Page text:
Contributed by Julia Bland / Odili Donald Odita’s abstract paintings in “Burning Cross,” at Jack Shainman Gallery, are bright and rhythmic, drawing from European and American modernists as well as textiles from Nigeria, his country of birth. Works like Represent and Opus, X complicate geometric patterning with subtle shifts and contradictions, continually setting and thwarting the viewer’s expectations.
Paul Pagk: Pure painting revealed
Contributed by Adam Simon / I almost decided not to write about Paul Pagk’s first solo exhibition at Miguel Abreu on the Lower East Side after reading Raphael Rubinstein’s eloquent press statement. Rubinstein articulated so much of what struck me about the exhibition that I wondered what I could add. One thing Rubinstein alludes to but doesn’t explore in depth is the chasm that separates an initial glance at a Pagk painting from longer consideration of his work in person. For viewers not attuned to the ways painters glean meaning from forms and materials, these paintings might appear overly reductive, mere diagrams on fields of monochrome. You tend to take in a Pagk canvas quickly, as a one-to-one relationship of image to ground without a lot of interacting parts. It’s easy to miss the many ways in which his false starts, reiterations, miscues, and reworkings belie his apparent minimalism and austerity.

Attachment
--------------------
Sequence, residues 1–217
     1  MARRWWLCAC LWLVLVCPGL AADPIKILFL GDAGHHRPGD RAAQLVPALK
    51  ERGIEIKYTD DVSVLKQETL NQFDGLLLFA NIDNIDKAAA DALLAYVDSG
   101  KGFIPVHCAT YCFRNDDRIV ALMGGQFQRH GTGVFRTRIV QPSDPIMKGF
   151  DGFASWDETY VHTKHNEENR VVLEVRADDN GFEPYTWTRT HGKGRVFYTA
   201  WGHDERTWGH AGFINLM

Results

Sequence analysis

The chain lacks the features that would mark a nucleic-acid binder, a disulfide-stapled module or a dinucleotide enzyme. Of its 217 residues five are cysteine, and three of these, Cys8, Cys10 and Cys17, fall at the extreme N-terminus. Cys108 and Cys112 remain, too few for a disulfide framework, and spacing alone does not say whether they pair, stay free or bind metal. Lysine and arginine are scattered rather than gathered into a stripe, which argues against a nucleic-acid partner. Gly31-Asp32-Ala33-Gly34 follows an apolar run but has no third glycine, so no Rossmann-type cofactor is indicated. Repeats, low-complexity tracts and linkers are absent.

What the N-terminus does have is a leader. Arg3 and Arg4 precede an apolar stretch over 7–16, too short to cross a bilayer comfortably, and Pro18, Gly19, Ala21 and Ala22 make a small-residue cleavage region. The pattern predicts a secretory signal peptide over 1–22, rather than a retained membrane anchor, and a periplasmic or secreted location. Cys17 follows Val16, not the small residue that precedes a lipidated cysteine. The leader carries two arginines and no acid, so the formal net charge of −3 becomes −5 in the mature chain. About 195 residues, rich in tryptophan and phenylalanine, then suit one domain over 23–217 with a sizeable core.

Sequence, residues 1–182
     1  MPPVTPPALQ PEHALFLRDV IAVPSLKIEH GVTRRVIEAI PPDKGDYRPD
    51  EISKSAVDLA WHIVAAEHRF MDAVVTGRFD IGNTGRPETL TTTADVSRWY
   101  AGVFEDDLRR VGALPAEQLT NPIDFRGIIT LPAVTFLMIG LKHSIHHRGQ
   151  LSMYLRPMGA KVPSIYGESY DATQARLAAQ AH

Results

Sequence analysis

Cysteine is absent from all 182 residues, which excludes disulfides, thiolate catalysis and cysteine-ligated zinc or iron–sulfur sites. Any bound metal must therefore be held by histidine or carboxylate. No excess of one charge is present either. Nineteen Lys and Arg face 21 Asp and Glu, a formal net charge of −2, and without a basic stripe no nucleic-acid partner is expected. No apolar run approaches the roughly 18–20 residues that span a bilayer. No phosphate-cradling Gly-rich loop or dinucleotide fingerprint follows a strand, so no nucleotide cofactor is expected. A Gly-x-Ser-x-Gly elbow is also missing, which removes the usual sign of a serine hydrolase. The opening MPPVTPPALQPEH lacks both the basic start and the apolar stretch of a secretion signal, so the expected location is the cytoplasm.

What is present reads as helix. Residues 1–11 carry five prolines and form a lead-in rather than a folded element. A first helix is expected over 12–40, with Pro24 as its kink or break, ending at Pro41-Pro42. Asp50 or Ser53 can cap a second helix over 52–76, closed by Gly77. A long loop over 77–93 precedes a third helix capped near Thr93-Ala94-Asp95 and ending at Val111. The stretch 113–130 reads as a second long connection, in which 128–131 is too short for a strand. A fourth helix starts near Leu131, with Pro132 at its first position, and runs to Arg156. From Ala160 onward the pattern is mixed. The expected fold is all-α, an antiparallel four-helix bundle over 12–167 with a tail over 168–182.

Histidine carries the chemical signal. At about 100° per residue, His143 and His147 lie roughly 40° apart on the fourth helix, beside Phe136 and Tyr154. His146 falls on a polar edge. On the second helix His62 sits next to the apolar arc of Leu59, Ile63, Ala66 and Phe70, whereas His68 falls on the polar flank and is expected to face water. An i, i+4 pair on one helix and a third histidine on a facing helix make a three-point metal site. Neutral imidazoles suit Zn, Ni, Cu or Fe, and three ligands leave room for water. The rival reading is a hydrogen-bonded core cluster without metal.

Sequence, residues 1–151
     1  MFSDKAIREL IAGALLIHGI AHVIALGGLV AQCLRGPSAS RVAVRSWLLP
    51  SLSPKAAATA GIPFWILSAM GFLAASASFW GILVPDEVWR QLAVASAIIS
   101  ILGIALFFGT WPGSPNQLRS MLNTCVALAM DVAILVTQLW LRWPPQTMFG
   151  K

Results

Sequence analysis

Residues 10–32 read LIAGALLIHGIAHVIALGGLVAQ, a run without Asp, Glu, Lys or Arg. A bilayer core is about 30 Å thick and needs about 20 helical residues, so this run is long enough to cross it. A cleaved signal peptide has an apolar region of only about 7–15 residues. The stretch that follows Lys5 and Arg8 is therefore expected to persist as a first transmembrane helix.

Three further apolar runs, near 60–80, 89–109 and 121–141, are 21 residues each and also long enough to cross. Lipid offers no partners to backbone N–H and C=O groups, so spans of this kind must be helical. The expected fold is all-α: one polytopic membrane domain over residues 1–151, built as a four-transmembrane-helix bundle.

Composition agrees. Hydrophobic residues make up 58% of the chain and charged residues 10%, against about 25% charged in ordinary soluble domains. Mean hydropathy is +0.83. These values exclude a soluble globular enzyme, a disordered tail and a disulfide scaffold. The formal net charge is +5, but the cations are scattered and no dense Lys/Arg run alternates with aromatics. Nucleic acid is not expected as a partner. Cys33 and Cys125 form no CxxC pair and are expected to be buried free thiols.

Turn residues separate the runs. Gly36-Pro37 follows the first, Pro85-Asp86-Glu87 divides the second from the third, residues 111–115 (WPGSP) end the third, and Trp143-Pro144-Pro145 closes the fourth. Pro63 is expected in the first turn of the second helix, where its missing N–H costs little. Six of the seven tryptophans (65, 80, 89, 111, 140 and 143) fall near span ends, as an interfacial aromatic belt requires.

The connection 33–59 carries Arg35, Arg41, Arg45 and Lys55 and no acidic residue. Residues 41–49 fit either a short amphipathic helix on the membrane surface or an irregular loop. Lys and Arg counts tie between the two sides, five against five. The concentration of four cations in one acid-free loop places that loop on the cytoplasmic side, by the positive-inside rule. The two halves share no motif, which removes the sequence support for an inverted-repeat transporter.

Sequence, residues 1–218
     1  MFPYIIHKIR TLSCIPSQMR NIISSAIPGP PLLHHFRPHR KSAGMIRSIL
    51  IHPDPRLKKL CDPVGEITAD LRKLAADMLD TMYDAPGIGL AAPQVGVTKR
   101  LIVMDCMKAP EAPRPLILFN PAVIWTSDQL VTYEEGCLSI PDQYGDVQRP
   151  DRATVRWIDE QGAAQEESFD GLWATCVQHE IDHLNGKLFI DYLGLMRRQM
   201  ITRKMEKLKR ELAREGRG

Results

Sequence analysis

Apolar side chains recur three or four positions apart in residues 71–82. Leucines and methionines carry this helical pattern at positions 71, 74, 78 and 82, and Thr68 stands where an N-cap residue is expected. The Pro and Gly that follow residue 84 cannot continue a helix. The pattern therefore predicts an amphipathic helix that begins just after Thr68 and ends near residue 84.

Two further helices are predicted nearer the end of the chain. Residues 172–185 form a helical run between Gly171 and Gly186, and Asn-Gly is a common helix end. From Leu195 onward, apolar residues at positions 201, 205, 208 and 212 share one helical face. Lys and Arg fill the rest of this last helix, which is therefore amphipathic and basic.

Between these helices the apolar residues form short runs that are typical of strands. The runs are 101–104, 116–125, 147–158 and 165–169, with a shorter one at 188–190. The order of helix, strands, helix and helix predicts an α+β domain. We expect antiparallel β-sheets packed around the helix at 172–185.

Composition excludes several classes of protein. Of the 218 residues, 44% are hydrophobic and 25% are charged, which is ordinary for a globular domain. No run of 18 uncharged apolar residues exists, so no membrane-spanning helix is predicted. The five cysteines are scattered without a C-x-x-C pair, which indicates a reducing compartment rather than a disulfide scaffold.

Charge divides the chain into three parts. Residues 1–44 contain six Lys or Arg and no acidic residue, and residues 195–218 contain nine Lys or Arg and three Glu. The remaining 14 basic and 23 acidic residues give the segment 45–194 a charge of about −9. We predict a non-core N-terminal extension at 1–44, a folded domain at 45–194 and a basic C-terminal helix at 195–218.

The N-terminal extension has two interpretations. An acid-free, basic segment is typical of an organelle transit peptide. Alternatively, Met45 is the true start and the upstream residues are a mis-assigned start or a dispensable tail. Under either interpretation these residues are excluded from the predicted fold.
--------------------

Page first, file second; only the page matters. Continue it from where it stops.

Joani Tremblay: No rage against the machine
Contributed by Zach Seeger /As the story goes, James Rosenquist’s images were inspired by his experience as a sign painter in the late 1950s. Blue-collar toil transcended the quotidian and informed not only the scale but also the imagery of Rosenquist’s paintings. The work seemed the most obvious new iteration of modernist opportunism, embracing culture’s latest ready-made: advertising. It did not elevate the artist to greater marketability through grand exhibition, however, but merely led to the appropriation of popular images for display on canvas in galleries. While the paintings sought to deconstruct the PR of capitalism (recall Edward Bernays’ “add an egg”), they also served to keep the capitalist machine humming. In juxtaposiing 20th-century American abstraction and 21st-century images of 19th-century landscape painting, Joani Tremblay tries to avoid this kind of regression in her solo show “Intericonicity” at Harper’s Chelsea 512.
Claudia Keep: Glistening moments of quiet drama
Contributed by Martin Bromirski / I first saw Claudia Keep’s paintings in a recent Jay Gorney Instagram post of her current show “Aubade” at March, in the East Village. The first of the three images Jay posted is of a swimmer, the figure all dashes of refraction under green waves, and the third image a summery painting of a small white garage dappled in sunshine and shadows from a nearby tree. Jay wrote, “small tender paintings.” I went to the gallery website to see more and was happy to learn that she lives here in Vermont, and we were able to set up a studio visit.
Don Doe’s pulp fictions
Contributed by Margaret McCann / The covetous, dismissive, playful title of Don Doe’s 490 Atlantic show, “I’ll Have What They’re Having,” aptly conveys the work’s lively yet frustrated romanticism. Painting from collages, Doe mixes bodies and genders, scale and spatial orientation, subject and object, high and low culture – all held together in a solid but illogical cubistic order. The few sculptures included show sophisticated facility and prioritize the grotesque. The viewer is manipulated through surprising twists and turns.